Facsimile Dust Jackets for Vintage Books

November 17, 2020 Miscellany 1

Facsimile dust jacket for Swallows and Amazons, by Arthur Ransome. J. B. Lippincott Company (USA) (1931) first printing, US edition.

Did you know you can buy facsimile dust jackets for some vintage or antique books? The website Facsimile Dust Jackets LLC offers dust jackets for a number of vintage books, first editions, and later reprintings. The proprietor, Mark Terry, and his sister Gail have scanned tens of thousands of dust jackets for the Dust Jacket Archive. They print and sell a number of the higher-quality dust jackets to fund the archive—not just to collectors, but for theatrical publications, photo shoots… anywhere you might need to establish a time setting or evoke a vintage atmosphere.

While Facsimile Dust Jackets doesn’t carry every title (by a long chalk!), their holdings include scanned dust jackets for some of the original Oz books (as well as later reprintings), early editions of Agatha Christie and Dorothy Sayers mysteries, and the original Nancy Drew novels—and that’s just for starters. A search function lets you look for the titles or authors you’re interested in. (Note: I actually have a copy of Swallows and Amazons with the dust jacket pictured above. Mine isn’t in as good shape, but it is original.)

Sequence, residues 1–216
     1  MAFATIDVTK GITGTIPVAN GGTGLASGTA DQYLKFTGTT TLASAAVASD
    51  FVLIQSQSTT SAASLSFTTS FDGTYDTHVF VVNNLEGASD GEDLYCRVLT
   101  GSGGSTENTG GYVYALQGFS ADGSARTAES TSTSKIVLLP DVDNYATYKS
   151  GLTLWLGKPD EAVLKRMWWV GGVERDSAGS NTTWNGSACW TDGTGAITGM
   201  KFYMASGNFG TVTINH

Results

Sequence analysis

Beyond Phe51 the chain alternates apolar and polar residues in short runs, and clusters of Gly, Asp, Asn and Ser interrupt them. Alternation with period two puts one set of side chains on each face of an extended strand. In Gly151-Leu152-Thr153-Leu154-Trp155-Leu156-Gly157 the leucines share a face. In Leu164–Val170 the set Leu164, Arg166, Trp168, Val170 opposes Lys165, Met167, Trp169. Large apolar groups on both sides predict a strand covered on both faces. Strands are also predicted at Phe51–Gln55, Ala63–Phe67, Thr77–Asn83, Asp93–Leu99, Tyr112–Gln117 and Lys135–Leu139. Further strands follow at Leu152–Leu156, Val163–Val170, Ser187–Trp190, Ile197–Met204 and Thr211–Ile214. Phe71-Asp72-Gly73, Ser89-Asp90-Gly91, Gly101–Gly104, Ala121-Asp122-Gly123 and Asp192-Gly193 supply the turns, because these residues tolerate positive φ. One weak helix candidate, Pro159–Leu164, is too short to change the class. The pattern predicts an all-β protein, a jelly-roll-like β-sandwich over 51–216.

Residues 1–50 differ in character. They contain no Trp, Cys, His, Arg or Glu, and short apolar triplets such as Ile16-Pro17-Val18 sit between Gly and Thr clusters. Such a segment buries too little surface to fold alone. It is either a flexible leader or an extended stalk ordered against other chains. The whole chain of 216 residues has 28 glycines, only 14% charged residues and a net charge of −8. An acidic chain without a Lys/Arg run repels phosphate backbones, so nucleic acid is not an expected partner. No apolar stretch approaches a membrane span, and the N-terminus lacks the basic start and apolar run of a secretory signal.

Facsimile dust jacket for The Secret of the Old Clock by Carolyn Keene. Grosset & Dunlap, first edition, first printing, 1930.

The facsimile jackets are printed on archival paper using archival, 70-year inks. Plus, they come in a Mylar jacket, so they will protect your older, collectible editions that no longer have the dust jacket. The “Facsimile Dust Jackets LLC” logo appears on each one, to discourage fraudulent use.

The site offers over 14,550 dust jackets, and can resize one to fit your book, if you want to put a vintage cover on a more modern edition. At $22 per dust jacket, they aren’t exactly cheap, but the quality of the materials and the scans appears high. And you definitely want archival-quality materials if you are putting these DJs on collectible books. I wouldn’t buy a bunch of them on a whim, but a special cover meant to protect a precious book handed down from my mother, or some other treasured book? Absolutely.

Facsimile DJ for The Secret Garden by Frances Hodgson Burnett, published by Frederick A. Stokes Company (USA). This is for the 1928 reprint.

Below is the one I am considering buying first. It’s the dust jacket from the 1939 movie tie-in edition of The Wizard of Oz, published by Bobbs-Merrill. My mother’s copy was given to her in 1946, and she passed it along to me around 1970 or so. The dust jacket was gone long before I inherited the book, but the endpapers show stills from the movie, so I am pretty sure this is the right cover. The book’s actual cover (beneath the jacket) uses one of the original Denslow illustrations, and those illustrations appear throughout the book. I have to admit that I would prefer an earlier edition’s DJ, one that shows a Denslow illustration, but I’m also kind of a stickler for accuracy, so I’ll go with the movie tie-in DJ.

Facsimile dust jacket for The Wizard of Oz, by L. Frank Baum. The Bobbs-Merrill Company (USA) (1900), 1939 Metro Goldwyn Mayer reprint photoplay production edition
Vintage book photo: The Wizard of Oz, by L. Frank Baum (1939 edition, no dust jacket)
The Wizard of Oz, by L. Frank Baum (1939 reprint edition, sans dust jacket)
The Wizard of Oz, by L. Frank Baum (1939 edition) - endpapers showing stills from the movie
The Wizard of Oz, by L. Frank Baum (1939 edition) – endpapers showing stills from the movie

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